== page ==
I'm going to stop reading newspapers.
If you live in Kenya, and see the daily headlines you'll understand why. It seems like day after day I am assaulted with ever more dire headlines. Either the editors of these newspapers have suddenly turned into sadists intent on breaking this country's spirit, or our spirit is already broken and we are living in a very sick, sick Kenya.
Over the past weeks I have read about greedy retailers who crammed their tiny stores with goods but couldn't provide decent exits or fire prevention equipment; policemen who demanded bribes to allow highly dangerous petrol looting, arsonists-looters who decided 'if I can't have it, no one can', ministers of government who dished out food reserves and threatened the lives of millions through starvation, custodians of investors funds who used these funds as their personal piggy banks, examiners who put in doubt the academic qualifications of a generation of students, and the list goes on and on.
I'm not the only one to have noticed this slide into the abyss and analyst, commentator, and columnist over the past month have all voiced their opinion. One opinion which I find repeated among most is how greedy and selfish we have become as a society. We have become vicious plunderers of our common resources, pillaging and ravaging so completely anything we can lay our hands on, scorching the earth as we trample along that we put in doubt the possibility of a future generation to renew and rebuild. Clearly greed is a factor but what is worse is that we are blinded as to the ogre we have become. We justify and rationalise our greed, and where that is insufficient we are comforted by our ability to buy opinion and justice and emboldened by the example set forth by those who purport to lead us.
Regardless of who we are in society, beggar or millionaire, hawker or banker, student or professor we share equally in the blame. However this past week I was confronted with the most odious example of greed. The offender: the Great Safaricom; the offense: charging for Bambanet services not provided.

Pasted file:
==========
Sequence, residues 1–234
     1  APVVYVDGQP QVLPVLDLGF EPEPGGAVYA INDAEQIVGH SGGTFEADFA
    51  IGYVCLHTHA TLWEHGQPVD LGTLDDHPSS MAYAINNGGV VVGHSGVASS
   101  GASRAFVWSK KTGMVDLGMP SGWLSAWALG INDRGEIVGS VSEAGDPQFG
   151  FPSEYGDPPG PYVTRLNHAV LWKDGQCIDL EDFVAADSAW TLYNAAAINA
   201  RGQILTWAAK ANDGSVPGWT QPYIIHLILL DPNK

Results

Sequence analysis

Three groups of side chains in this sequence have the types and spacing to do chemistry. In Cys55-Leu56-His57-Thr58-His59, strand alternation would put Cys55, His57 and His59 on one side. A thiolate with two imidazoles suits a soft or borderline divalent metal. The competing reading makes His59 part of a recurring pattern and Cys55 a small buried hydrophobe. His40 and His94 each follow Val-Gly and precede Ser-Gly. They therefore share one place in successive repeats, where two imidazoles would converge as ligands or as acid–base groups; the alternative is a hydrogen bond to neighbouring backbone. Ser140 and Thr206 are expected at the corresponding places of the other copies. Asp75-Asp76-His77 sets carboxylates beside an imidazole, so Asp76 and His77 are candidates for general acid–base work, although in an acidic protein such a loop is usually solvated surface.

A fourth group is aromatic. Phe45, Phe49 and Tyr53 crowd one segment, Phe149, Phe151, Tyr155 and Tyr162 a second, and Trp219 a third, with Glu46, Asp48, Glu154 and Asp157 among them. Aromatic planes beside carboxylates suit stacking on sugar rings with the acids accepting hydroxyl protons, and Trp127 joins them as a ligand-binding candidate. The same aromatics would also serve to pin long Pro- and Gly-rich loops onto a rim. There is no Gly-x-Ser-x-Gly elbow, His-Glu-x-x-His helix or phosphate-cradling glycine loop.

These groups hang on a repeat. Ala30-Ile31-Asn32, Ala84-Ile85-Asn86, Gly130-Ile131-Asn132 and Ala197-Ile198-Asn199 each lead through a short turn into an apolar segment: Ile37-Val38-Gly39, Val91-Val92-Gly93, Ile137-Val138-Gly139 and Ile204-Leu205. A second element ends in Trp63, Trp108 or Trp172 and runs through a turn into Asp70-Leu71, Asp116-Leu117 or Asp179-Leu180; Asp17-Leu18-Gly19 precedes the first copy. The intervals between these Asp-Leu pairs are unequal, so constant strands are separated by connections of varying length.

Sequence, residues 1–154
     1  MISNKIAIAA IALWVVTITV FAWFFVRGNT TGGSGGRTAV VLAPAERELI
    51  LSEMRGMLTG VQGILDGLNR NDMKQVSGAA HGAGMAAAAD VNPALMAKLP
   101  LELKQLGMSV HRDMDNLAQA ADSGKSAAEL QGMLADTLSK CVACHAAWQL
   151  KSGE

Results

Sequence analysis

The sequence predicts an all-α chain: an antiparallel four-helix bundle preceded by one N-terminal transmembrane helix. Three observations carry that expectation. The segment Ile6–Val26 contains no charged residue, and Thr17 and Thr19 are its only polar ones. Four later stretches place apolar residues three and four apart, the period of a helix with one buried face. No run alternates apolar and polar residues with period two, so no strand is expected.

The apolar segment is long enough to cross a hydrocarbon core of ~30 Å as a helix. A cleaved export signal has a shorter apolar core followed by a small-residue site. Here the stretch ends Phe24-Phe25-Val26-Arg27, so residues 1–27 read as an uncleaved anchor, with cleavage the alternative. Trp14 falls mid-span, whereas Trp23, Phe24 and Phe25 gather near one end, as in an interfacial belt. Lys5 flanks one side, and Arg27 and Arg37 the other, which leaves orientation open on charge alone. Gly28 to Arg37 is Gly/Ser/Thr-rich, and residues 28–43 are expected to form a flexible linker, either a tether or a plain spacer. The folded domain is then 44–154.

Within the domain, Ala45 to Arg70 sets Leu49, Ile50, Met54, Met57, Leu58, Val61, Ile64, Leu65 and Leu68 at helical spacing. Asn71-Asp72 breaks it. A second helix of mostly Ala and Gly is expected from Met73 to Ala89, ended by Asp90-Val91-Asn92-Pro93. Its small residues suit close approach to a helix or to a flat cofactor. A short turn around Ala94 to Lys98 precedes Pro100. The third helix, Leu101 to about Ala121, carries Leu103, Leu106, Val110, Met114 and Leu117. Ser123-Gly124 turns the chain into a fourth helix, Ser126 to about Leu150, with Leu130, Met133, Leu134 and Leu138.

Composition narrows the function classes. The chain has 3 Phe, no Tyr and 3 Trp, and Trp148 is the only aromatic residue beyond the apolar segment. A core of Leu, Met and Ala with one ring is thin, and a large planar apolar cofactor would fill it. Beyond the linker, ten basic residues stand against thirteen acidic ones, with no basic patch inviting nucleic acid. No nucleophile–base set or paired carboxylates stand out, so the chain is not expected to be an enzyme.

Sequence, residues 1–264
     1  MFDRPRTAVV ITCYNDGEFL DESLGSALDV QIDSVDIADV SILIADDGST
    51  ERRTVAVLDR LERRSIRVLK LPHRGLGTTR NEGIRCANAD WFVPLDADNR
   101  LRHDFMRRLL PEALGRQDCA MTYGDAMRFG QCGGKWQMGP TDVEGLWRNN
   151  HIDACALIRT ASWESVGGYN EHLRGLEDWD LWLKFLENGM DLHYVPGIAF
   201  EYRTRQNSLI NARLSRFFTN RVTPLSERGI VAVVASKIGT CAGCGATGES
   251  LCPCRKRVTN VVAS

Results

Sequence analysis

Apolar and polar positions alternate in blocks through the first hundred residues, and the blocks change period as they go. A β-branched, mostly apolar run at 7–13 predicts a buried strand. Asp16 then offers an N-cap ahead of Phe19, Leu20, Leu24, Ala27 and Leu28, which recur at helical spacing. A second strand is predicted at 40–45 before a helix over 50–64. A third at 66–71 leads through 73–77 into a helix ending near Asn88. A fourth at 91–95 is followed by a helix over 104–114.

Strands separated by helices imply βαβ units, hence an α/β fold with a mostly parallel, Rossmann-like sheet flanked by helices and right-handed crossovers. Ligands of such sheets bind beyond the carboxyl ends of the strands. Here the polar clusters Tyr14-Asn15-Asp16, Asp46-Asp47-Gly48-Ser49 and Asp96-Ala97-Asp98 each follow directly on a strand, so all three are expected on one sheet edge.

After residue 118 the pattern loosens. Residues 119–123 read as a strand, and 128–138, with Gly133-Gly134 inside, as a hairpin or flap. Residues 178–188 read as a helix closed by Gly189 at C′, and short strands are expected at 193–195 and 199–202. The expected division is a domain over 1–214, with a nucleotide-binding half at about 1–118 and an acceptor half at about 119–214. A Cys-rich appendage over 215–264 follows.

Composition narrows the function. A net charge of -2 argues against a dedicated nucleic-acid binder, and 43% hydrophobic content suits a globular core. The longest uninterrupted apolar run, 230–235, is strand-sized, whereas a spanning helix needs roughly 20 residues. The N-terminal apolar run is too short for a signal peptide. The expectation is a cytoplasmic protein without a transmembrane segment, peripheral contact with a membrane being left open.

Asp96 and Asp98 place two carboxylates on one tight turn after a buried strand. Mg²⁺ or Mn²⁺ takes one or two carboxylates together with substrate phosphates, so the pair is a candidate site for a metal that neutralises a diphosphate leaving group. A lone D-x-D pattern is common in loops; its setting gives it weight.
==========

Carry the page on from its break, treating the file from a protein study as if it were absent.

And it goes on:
It seems that Safaricom, facing an energized competition, slowing growth, saddled with massive debt, and nearing its first AGM as a public company has decided to make the numbers whatever the cost. In a manner extremely disappointing for a company of its stature, Safaricom is demanding I pay 10 months subscription for a post-paid bambanet line they disconnected 10 months ago. Their argument is that I signed a contract, so whether I used the service or not I have to pay. That, as I told their representatives, is a load of bull.
Here's an analogy. Say in January you sign a one year lease with me for an apartment. If by March 5th you have not paid the March rent, and I kick you out and get another tenant, should I still demand that you pay rent between March and December? What a scam from Safaricom!
And if you still side with them, compare the very different reaction from their competition Zain.
As mentioned elsewehere in this blog I have oscillated between Zain's and Safaricom's GPRS services for some time. Since I ditched Safaricom back in 08 I got a Zain postpaid Uhurunet contract for Internet access. Early this year I had the same issue (being billed for services not provided) with them after they barred my line for two months, and then asked me to pay for those two months for service I did not use. Thinking that greed had also gotten the better of them, I verbally lashed at them. However, unlike their counterparts, and I must add much to my pleasant surprise, I received a phone call from their very courteous staff who said they had noted my complaints and decided to waive the 2 months charge. In exchange they asked that I extend my contract for the 2 months. Now that's true service.
So finally after three years of comparison, the winner of the GPRS internet service goes to Zain (formerly Celtel). Enough said.